Workers and Efficient Retirement Saving: Why 'Fiduciary Rules' Are Not Enough
“There are some powerful interests aligned against the new Fiduciary Rule, who will insist the only good rule is no rule at all. If your business model rests on bilking people out of hard-earned money in retirement plan accounts…..you will not like this Rule……”.
U.S. LABOR SECRETARY THOMAS PEREZ
“We show that conflicts of interest matter, but appear limited to a small fraction of advisors. Our estimates suggest that correcting advisors’ misguided [investment] beliefs…..may reduce the cost of investment advice more…..”.
PROFS. LINNAINMAA, MELZER, AND PREVITERO
Fiduciary Rules vs. Investment Beliefs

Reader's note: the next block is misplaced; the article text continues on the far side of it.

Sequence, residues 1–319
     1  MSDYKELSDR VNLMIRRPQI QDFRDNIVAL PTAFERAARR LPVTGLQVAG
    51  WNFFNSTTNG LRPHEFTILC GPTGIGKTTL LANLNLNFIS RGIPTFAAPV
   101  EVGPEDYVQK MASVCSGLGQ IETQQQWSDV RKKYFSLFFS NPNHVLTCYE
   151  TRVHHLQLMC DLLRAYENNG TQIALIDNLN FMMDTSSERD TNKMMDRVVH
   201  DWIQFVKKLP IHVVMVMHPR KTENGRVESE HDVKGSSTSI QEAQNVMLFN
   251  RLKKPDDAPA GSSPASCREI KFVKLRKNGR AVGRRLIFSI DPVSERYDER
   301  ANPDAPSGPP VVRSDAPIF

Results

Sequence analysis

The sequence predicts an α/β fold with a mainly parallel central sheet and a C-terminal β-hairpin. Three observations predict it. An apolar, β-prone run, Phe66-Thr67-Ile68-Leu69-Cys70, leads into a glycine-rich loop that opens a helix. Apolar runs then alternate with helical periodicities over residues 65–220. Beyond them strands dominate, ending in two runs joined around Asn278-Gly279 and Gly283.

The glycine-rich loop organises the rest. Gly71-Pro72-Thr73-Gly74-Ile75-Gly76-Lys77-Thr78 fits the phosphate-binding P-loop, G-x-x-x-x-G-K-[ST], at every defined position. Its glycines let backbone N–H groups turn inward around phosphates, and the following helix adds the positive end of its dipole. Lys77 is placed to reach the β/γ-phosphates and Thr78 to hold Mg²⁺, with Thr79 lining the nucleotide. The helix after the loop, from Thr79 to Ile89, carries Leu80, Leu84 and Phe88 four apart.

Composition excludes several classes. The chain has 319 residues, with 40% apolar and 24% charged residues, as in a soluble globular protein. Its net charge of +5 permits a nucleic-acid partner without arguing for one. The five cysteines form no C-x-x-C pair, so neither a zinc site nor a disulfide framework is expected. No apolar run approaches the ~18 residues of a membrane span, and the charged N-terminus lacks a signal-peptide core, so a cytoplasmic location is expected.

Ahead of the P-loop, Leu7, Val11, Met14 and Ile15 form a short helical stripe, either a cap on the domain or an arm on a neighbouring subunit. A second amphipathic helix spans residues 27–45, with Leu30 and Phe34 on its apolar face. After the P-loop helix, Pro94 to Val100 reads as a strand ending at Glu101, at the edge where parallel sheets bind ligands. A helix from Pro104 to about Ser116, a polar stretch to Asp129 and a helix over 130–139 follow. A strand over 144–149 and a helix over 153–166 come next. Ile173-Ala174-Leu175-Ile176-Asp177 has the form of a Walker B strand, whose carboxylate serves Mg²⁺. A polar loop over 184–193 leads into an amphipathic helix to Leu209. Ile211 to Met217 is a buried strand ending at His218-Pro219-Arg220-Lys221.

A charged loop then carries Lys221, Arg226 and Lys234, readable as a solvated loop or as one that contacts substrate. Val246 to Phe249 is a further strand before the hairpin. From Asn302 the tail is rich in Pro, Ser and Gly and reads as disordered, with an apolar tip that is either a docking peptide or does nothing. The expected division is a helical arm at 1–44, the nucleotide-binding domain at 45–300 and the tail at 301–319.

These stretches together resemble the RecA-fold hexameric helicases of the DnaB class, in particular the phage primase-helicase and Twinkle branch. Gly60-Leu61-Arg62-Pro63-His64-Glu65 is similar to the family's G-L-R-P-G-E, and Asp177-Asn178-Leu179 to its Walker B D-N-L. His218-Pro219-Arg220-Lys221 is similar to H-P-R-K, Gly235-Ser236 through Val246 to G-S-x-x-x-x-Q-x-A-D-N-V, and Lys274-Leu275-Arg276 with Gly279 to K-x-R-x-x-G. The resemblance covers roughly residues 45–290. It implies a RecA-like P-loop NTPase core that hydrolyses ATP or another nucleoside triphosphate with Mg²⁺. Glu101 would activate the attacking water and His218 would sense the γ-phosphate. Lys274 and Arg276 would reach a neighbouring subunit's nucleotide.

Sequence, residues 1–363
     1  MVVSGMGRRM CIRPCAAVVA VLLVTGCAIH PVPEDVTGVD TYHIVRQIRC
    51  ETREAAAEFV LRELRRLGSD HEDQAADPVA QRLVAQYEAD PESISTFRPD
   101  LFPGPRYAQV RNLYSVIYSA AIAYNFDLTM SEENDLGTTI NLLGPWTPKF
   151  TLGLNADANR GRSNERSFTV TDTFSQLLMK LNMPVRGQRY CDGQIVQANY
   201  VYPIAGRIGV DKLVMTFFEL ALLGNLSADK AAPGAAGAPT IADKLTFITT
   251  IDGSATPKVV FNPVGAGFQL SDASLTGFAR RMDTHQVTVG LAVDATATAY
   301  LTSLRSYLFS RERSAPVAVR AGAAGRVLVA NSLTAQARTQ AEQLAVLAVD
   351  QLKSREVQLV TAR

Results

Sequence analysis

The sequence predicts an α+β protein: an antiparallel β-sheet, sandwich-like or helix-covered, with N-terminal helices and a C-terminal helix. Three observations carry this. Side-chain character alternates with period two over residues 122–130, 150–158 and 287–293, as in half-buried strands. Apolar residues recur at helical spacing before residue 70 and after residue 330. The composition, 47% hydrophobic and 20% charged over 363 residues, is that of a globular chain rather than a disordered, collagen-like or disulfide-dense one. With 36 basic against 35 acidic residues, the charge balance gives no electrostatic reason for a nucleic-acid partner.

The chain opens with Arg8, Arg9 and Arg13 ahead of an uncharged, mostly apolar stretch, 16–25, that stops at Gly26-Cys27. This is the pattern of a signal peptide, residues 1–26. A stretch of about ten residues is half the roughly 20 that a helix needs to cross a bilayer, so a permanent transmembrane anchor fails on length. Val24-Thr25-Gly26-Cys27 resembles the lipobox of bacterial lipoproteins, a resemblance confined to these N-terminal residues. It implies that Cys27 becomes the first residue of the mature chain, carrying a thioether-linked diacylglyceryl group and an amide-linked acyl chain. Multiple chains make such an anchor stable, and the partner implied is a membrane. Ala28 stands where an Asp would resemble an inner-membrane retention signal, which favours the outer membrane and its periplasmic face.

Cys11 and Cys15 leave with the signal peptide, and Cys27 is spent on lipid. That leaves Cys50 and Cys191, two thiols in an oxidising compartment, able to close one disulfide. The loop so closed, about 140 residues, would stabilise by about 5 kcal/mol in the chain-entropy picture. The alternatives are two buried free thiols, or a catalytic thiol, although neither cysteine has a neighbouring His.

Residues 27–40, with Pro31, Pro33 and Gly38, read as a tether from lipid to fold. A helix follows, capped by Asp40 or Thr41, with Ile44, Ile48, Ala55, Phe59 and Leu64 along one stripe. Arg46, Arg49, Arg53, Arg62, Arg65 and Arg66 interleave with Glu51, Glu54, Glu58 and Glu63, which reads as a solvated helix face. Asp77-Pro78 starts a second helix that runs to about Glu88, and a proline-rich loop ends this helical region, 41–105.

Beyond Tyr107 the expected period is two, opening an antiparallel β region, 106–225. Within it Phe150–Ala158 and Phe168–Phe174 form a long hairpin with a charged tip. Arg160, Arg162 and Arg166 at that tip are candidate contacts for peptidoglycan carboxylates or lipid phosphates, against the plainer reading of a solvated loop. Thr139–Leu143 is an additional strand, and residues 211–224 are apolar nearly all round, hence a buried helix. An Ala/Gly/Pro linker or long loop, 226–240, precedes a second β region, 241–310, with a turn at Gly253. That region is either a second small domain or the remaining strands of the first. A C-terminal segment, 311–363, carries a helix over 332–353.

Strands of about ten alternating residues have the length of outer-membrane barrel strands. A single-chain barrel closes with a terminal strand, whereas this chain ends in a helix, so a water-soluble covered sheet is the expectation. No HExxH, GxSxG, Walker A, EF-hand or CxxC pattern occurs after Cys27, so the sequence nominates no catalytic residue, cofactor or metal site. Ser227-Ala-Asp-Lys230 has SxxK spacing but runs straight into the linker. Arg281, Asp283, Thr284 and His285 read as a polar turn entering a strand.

Good work is being done around the world to create rules that ensure financial advisors act in their clients’ best interest when providing and implementing investment advice. This Letter has long advocated these efforts, arguing that ‘asymmetric information’ between the buyers and sellers of investment advice creates the opportunity for advice sellers to take advantage of advice buyers by charging them more than the value of their advice is worth. Much of the developed world already has rules prohibiting this mis-selling in place. Recently, the USA followed suit with its Department of Labor ’s ‘Fiduciary Rule’, which is to be fully implemented by January 1, 2018.i A similar rule-setting process towards reducing the impact of conflicting interests is underway in Canada.ii